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St. John's East and West
St. John’s, the Capital of Newfoundland, is situated on the eastern shore of the peninsula of Avalon, 60 miles north of Capt Race, in latitude 47º 33’ 33” N., and 52º 44’ 10” of west longitude. It is 10º 52’ east of Halifax, and stands on the most eastern portion of the American land, Cape Spear, five miles south of St. John’s, alone projecting a little further towards the Old World. It is 1000 miles nearer England than New York, and but 1640 miles from the coast of Ireland.
It is admitted by all travelers that the approach to the harbour of St. John’s presents one of the most striking and picturesque views along the entire coast of America. In a lofty, iron-bound coast, a narrow opening presents itself, guarded by two great rocky portals. One of these is Signal Hill, 520 feet above the lever of the sea, on the summit of which stands the “Block House,” for signaling vessels as they approach the harbour. The other is the “South Side Hill,” rising 100 feet higher, picturesque, rugged, and broken. From its base a rocky promontory juts out, forming the entrance of the Narrows, on one side, on the summit of which is Fort Amherst Lighthouse, where is heard the hoarse roar of the restless Atlantic, as the waves bread on the rocks beneath. As the vessel glides between these rocky guardians, the voyager looks up, not without a feeling of awe, arising from the sublimity of the scene, at the great cliffs of dark-red sandstone, piled in broken masses on a foundation of gray slate rock. The entrance of the Narrows between these hills is about 1400 feet in width, and at the narrowest point, between Pancake and Chain Rock, the channel is not more than 600 feet. The Narrows are half a mile in length, and at their termination the harbour trends suddenly to the west, thus completely shutting out the swell from the ocean. In ten minutes after leaving the broad Atlantic, a steamer is moored at the wharf of a perfectly land-locked harbour. Vessels of the largest tonnage can enter at all periods of the tide, the rise of which does not exceed four feet. The harbour is a mile in length, and nearly half a mile in breadth. It is from five to ten fathoms in depth, and in the center 90 feet deep. At its head is a Dry Dock, recently completed, 600 feet in length, 83 in breadth, and 26 in depth, capable of admitting the largest steamer afloat, with the exception of the Great Eastern.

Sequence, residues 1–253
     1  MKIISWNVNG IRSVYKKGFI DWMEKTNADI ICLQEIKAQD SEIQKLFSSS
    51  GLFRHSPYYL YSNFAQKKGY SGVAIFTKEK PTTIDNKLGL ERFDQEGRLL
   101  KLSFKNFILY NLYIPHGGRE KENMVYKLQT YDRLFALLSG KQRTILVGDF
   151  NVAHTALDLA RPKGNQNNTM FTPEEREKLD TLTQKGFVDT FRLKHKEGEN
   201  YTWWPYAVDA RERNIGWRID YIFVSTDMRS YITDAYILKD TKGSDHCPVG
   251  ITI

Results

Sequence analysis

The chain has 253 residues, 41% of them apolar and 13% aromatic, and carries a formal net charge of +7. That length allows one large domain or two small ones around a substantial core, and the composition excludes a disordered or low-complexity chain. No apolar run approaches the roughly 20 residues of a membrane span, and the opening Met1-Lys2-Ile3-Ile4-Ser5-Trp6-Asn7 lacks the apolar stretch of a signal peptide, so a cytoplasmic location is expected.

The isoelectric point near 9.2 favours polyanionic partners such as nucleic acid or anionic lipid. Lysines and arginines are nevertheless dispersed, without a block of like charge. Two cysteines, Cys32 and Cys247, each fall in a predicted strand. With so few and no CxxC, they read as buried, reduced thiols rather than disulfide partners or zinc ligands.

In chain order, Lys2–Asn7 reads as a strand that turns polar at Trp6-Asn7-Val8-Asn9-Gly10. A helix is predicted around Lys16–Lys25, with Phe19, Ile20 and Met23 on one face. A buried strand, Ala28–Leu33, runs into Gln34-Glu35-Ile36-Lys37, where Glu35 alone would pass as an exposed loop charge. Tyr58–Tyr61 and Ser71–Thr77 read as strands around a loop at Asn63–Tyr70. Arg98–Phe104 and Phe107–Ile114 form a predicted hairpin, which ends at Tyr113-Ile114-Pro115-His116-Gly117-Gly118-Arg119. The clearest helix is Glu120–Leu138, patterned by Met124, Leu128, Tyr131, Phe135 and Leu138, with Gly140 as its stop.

The greater part of the city is build on sloping ground, on the northern side of the harbour, from the waters of which it presents a striking appearance, being crowned by the Roman Catholic Cathedral on the summit. The site could hardly be surpassed. On the southern side of the harbour the hills spring so abruptly from the - PAGE MISSING -
The manufacture of seal and cod oil is carried on chiefly on the south side of the harbour. There are three iron foundries, two large machine shops, two boot and shoe factories, one nail factory, three furniture factories, two tobacco factories, three biscuit factories, and an extensive factory for the manufacture of cables, ropes, nets, twines, seines, &c.
In 1780, St. John’s had a population of 1,605; in 1801, of 3,420; in 1812, of 7,075; in 1835, of 15,000; in 1874, of 23,800. The census taken in 1884 gave the total population of the city proper as 28,610. In regard to religious denominations the population stood as follows in 1884:--